Tell Me the Future

“Futurists always measure their batting average by counting how many things they have predicted that have come true. They never count how many important things come true that they did not predict” — Peter Drucker

This is also true for fortune-tellers and clairvoyants. It’s part of what makes their skills seem real.

Where did that intent come from?

I am always surprised by the intent that people assign to others behaviours. Looking for ulterior motives behind good behaviour. Seeing malicious intent in bad behaviour. Listening to some of the conversations at the water-cooler, you would think that we live in a world full of Machiavellian sociopaths. Truth is, sociopaths are rare and human behaviour is mostly for immediate results.

Opportune Happenstance

This morning I looked at the track number of the song I was listening to in the car and it put a smile on my face. The song: Stairway to Heaven; Track Number: 69.

The lyrics started taking on new meanings:

“Your head is humming and it won’t go
In case you don’t know
The piper’s calling you to join him

Dear lady, can you hear the wind blow?
And did you know
Your stairway lies on the whispering wind?”

I arrived at the office with a huge grin on my face.

You Don’t Respect Me!

The other day, I saw this video show up in my Facebook feed:


I loved the animation. The ideas were not new to me and still watched it to the end.

Earlier in the day, I had spent some time working on increasing my revenues and I asked myself, what is motivating me to ask for more money. My answer: “I’m not paid enough for the work I do.”

Enjoying the company of my conversation partner, I kept it going: “Why is that important? Competition?”

“I am comparing myself to my peers, but I not trying to get more than them, so I don’t think it’s competition.”

I thought that this sounded like jealousy and ruled this out because it I was only using my peers’ earnings as benchmark. I am not trying to get as much as the highest earner, or the second highest. The emotion was simpler, I want to get paid as much as my peers.

I want to get paid fairly for my work and my definition of fairly is my perception of the average earnings of my peers. If I am not keeping up with the Joneses then you think less of me than you do the Joneses. I would feel dissed. I am presuming that because you use bonuses as a motivator, you use money as a yardstick. If you don’t pay me as much as my peers then you don’t respect me as much as you do them.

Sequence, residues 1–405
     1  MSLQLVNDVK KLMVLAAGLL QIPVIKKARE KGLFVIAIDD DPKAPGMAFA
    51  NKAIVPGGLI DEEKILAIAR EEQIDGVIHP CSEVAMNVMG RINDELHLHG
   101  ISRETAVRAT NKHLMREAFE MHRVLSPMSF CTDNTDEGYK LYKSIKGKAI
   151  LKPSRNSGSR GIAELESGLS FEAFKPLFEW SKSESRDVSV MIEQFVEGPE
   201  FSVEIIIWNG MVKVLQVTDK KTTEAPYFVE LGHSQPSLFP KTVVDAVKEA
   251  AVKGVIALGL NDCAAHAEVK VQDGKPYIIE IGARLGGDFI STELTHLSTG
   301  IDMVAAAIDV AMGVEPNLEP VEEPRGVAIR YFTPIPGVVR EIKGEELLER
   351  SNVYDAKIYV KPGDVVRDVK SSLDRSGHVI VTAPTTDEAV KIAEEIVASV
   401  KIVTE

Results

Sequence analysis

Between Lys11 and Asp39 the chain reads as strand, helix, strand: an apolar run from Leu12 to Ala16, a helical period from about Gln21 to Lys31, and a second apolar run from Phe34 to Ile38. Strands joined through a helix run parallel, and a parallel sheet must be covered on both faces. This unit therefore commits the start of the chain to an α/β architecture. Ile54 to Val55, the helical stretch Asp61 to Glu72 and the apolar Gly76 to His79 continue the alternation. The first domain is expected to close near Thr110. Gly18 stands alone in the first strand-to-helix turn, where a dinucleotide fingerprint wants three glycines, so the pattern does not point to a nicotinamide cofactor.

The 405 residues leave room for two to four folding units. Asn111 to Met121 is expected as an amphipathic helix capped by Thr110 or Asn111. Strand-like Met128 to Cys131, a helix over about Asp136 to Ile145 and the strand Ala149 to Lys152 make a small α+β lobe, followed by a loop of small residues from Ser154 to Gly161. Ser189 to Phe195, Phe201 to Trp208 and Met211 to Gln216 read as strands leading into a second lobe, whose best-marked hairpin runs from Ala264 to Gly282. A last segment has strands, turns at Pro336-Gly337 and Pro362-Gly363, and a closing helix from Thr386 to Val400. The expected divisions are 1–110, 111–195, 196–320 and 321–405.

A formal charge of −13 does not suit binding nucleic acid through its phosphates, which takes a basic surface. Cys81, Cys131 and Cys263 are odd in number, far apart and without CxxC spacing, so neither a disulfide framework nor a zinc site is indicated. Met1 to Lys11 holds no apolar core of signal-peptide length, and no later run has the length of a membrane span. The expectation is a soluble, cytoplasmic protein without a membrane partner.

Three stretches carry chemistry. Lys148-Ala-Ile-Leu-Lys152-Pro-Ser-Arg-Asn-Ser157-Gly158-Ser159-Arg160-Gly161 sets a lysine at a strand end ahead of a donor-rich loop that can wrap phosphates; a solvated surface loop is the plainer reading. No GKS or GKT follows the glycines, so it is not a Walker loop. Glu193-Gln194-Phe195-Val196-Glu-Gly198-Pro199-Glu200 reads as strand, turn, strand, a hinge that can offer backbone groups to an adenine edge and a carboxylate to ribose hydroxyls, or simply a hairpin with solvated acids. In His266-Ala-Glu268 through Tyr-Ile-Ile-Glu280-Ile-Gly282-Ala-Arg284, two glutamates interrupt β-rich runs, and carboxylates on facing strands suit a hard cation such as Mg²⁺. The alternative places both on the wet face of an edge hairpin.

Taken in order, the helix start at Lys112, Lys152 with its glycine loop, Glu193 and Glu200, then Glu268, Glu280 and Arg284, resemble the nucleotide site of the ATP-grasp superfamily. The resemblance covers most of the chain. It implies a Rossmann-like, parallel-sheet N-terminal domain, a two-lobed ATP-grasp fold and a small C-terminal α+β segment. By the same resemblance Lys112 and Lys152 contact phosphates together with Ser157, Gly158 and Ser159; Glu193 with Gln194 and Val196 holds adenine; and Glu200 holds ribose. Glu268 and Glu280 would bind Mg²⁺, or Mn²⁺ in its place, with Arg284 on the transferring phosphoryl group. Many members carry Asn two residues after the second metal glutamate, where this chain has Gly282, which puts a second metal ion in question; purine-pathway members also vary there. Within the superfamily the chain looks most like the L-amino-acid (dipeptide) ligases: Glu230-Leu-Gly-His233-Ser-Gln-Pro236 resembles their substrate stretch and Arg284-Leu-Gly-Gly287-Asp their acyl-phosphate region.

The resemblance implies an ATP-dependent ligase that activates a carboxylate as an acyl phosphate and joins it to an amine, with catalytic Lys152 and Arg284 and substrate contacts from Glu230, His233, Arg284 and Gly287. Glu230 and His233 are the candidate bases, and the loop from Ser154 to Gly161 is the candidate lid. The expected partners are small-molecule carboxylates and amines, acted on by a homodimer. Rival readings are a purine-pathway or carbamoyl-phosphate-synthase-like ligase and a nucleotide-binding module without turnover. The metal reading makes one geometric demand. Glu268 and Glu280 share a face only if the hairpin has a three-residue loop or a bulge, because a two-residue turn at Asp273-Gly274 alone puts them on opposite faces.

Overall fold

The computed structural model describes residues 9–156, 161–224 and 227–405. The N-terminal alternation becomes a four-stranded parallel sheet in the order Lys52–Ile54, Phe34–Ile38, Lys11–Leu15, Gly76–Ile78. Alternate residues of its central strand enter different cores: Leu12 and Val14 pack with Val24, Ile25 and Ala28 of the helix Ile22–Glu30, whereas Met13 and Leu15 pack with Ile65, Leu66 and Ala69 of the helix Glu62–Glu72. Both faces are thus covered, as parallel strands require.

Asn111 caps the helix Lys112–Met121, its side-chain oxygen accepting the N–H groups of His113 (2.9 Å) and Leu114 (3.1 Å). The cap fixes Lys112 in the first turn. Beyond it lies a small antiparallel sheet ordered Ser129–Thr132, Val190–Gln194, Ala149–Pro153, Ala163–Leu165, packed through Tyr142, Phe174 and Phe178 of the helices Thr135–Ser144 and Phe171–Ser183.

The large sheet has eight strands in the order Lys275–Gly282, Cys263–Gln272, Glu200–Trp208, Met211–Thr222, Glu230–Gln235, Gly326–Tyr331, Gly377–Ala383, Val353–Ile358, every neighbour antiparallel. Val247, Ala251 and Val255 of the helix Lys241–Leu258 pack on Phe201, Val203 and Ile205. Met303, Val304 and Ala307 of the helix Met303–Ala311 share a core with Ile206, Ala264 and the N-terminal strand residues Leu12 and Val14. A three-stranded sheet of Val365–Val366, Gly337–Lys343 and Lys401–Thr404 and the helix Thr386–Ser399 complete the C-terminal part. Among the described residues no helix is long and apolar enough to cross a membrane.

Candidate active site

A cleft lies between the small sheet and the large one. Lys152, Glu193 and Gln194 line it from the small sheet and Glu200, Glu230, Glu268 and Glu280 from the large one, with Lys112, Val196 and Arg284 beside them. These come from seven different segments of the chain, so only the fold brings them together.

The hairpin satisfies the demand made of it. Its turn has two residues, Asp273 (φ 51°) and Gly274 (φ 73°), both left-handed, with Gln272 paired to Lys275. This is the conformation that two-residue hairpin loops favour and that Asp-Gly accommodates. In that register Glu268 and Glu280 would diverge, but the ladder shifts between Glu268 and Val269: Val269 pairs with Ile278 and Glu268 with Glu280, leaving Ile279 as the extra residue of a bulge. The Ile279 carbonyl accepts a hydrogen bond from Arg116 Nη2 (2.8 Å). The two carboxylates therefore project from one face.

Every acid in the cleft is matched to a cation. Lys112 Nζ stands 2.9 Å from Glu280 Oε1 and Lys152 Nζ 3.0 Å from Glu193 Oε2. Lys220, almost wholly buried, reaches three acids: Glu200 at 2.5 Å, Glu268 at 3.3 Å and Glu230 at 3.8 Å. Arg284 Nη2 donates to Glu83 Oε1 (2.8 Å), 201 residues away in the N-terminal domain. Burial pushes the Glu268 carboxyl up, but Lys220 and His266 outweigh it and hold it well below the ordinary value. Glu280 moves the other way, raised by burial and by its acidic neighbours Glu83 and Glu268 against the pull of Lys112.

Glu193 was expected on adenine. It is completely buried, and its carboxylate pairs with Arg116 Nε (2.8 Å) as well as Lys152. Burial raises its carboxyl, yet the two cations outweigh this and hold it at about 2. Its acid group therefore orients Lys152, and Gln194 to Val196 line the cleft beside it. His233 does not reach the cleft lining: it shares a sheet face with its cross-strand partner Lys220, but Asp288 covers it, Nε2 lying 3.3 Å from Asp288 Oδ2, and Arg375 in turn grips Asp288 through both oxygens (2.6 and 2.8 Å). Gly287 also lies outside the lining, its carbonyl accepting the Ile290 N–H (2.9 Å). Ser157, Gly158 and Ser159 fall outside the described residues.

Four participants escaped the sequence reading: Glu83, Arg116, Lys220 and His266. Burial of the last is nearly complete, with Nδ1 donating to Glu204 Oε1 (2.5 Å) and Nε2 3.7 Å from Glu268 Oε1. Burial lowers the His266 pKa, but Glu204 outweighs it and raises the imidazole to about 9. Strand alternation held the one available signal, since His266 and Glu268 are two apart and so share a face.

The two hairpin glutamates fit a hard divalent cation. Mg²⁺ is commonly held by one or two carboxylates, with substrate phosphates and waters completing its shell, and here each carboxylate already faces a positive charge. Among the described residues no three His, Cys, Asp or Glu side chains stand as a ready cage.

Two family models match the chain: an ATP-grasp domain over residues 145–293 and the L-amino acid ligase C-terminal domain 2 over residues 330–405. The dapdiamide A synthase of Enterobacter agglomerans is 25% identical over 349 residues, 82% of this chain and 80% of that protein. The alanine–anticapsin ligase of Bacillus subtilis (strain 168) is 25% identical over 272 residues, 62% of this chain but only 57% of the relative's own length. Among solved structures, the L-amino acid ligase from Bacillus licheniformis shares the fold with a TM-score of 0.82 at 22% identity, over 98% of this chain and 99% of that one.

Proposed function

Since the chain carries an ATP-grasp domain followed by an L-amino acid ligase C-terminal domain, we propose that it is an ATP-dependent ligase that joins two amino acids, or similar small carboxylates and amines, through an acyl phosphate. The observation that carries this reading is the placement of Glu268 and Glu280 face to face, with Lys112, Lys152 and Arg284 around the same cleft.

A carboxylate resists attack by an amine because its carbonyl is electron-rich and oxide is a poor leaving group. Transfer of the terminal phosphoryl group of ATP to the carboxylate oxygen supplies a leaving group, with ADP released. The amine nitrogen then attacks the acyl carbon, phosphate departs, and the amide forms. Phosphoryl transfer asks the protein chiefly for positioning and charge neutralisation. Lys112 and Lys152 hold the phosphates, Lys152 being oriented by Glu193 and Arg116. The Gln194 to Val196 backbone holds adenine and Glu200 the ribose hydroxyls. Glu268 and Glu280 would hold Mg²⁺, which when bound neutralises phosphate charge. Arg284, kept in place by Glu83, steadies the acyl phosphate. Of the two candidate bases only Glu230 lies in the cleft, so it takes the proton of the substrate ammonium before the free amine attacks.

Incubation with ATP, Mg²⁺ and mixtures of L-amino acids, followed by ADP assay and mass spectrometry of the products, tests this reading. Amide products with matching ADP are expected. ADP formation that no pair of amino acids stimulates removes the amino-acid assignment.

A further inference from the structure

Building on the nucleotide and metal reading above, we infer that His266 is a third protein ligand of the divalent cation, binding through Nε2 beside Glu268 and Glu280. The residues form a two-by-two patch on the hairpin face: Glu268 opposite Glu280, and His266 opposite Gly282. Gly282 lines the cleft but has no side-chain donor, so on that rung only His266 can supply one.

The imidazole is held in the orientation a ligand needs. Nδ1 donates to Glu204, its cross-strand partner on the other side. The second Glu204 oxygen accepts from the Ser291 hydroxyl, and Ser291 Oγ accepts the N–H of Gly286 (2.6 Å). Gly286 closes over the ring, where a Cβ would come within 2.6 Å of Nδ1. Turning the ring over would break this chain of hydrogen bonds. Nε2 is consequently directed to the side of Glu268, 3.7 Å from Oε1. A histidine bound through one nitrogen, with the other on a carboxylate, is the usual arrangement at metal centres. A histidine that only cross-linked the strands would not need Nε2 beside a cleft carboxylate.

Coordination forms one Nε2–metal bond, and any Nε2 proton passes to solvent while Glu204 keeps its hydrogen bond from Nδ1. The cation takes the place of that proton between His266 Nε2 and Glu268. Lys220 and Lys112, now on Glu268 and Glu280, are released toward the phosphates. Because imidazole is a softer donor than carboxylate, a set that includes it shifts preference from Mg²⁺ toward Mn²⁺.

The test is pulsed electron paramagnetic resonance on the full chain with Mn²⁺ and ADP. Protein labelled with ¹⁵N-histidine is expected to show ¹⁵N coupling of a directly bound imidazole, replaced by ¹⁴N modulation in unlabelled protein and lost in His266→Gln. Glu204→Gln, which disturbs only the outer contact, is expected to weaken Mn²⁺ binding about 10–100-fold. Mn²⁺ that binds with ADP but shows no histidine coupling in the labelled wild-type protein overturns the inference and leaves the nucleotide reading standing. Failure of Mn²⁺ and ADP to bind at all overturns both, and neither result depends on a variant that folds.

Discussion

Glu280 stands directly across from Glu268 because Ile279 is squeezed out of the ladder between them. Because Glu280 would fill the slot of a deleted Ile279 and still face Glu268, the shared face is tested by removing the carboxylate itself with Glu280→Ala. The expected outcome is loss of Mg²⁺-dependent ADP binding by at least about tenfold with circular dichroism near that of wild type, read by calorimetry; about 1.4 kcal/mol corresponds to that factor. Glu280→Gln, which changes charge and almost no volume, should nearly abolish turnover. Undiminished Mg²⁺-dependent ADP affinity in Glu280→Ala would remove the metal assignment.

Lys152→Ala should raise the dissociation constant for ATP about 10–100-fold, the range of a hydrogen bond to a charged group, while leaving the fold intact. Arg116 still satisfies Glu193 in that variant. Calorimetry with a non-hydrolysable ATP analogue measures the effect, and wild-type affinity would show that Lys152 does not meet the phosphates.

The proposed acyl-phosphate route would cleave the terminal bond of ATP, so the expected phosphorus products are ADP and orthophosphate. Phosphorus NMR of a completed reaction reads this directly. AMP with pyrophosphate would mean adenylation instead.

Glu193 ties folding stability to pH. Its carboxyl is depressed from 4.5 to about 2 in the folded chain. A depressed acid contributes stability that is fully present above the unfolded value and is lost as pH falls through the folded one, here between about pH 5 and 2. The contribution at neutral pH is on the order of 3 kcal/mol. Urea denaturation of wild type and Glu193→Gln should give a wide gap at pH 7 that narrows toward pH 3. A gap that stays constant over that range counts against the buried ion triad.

The conclusion from this little voyage of self-evaluation: Not only does money not work as a motivator, if you are using it as such, people will expect and claim their fair share of the pie.

Not Indifferent

“The opposite of love is not hate, it’s indifference.” — Elie Wiesel

A common French way to express feelings towards someone is to tell them “you don’t leave me indifferent”. The negation of a negation – the infamous double negative. The French-speaking Swiss do this a lot. Things aren’t good or delicious, they are not bad. If something is really good, it is not bad at all.

Using the double negative to say something good is wrong to me. It is a fear of expressing true feelings and opinions. I wish I could find something that has the subtlety of the “you don’t leave me indifferent”. Saying “I have feelings for you” sounds like the guy who is too scared to say “I have this mad crush on you”.

I guess that I am stuck with the phrase with the double negative. Between the wimps that kill the positive version and the meaning infused into the phrase through years of common usage, there really isn’t a better way of saying someone doesn’t leave you indifferent. It even seems to work in English 😦

Safe Isn’t Always Better Than Sorry!

There is a French saying: “il vaut mieux avoirs des remords que des regrets”. This loosely translates to: “it is better to be remorseful than to have regrets”. It is about choosing to do something rather than regretting not having tried.

The action may or may not turn out be right thing to do. If it was the wrong thing to do you may feel some pain or sorrow about the act.

If you did nothing, you will regret it not having tried.

The difference: Remorse you can get over, regret will stay with you forever. Remorse can torture your conscience, regrets attack your ego.

When the lizard brain is telling you better safe than sorry, ask him: Sorry enough to live with the damage to my ego?

Dictionary.com” defines ego as “the “I” or self of any person; a person as thinking, feeling, and willing, and distinguishing itself from the selves of others and from objects of its thought.

Do I want to live in my head?

The psychoanalytic definition given is “the part of the psychic apparatus that experiences and reacts to the outside world and thus mediates between the primitive drives of the id and the demands of the social and physical environment.

It’s starting to sound like “better safe than sorry” is about the id, the lizard brain, trying to kill off the ego.

If it is a sorry I can live with, then safe isn’t better than sorry.

Life is Not a DVD Player

Life doesn’t have a pause button. You can’t stop everything while you grab a drink.

Life doesn’t have a rewind button. You can’t go back in time and, it should be said, rewind doesn’t change the story.

Life doesn’t have a fast-forward button. You can’t skip the bad parts to get to the happy ending.

Life has only has one button. Play!